Not on my pizza: Ancient anchovies were huge and used saber teeth to eat other fish, the New Scientist reports. The discovery came from studies of fossils found in Belgium and Pakistan dating back 55 million years. Current-day anchovies feed on plankton and likely taste different than their mighty forebears, researchers say.

Saying goodbye: Dr. Julie Butler owned and operated New York's 145th Street Animal Hospital, the only full-service veterinary service in Harlem for many years. Butler lived by the principle that “if you have it to give, you give,” caring for animals and opening her home to friends in need. Butler, who was 62, died of complications of the novel coronavirus, her daughter told the New York Times.

Mothering styles: Human or animal, moms seem to share one characteristic: “Many species seem to recognize that the young really don’t know what they are doing,” animal behavioralist Jennifer Verdolin tells us, “so they are given a kind of grace period to learn.” See these images of animals with their young.

The big takeaway

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Locusts! The largest swarms of locusts in decades are descending on East Africa, mowing through food in an area where famine always is a threat. “Terrifying,” says Albert Lemansulani, swatting through a crush of two-inch-long desert locusts in northern Kenya. Haley Cohen Gilliand, writing for Nat Geo, describes the sound of the locusts wings as “snapping like ten thousand card decks being shuffled in unison.” Lemasulani says farmers and herders both know the damage that locusts cause. “We fear for our future because these kinds of swarms will mean we don’t have anything to feed our animals,” Lemasulani says. “It’s as terrifying as COVID-19.” Pictured above, a swarm descending on acacia trees in northern Kenya in April.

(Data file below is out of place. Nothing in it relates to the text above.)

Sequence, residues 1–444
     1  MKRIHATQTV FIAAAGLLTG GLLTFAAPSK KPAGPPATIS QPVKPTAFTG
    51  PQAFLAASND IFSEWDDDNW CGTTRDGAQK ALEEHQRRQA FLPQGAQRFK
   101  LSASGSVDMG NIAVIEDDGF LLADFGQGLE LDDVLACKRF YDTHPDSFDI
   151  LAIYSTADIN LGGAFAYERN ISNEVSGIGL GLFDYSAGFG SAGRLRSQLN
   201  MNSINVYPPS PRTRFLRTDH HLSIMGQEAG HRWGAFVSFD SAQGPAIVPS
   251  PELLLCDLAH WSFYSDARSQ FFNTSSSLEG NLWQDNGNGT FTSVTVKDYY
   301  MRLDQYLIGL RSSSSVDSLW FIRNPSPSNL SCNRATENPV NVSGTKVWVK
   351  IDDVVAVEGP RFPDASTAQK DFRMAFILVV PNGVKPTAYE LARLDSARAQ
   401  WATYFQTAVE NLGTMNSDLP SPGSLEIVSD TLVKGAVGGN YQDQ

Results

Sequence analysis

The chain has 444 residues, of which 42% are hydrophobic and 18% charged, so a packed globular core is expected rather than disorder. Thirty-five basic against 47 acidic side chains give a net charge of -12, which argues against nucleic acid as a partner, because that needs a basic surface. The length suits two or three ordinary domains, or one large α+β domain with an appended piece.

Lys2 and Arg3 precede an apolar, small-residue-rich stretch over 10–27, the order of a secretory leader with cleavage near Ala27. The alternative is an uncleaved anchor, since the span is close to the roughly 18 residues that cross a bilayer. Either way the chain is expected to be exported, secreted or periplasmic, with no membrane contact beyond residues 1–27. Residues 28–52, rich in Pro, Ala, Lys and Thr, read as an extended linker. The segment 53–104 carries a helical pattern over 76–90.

Subscriber exclusive: See how a plague of locusts forms

In a few words

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On Friday, Whitney Johnson covers the latest in photography news. If you’re not a subscriber, sign up here to also get Debra Adams Simmons on history, George Stone on travel, and Victoria Jaggard on science.

The last glimpse

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How to make peace with the world’s deadliest bear: It can run faster than humans. It has long, curved claws. And humans are pressing in. Meet the insect-eating sloth bear, which startles easily. India serves as the final stronghold for the species, with small populations in Nepal and Sri Lanka. Gloria Dickie writes for Nat Geo about how conflict between sloth bears and humans threatens the survival and well-being of both. Pictured above, a rescued sloth bear living at the Bannerghatta Bear Rescue Center in India.

Subscriber exclusive: A bear’s eye view of Yellowstone

This newsletter has been curated and edited by David Beard, with photo selections by Jen Tse and Eslah Attar. Do you have an idea, a link, a favorite endangered animal species? We’d love to hear from you at david.beard@natgeo.com . And thanks for reading.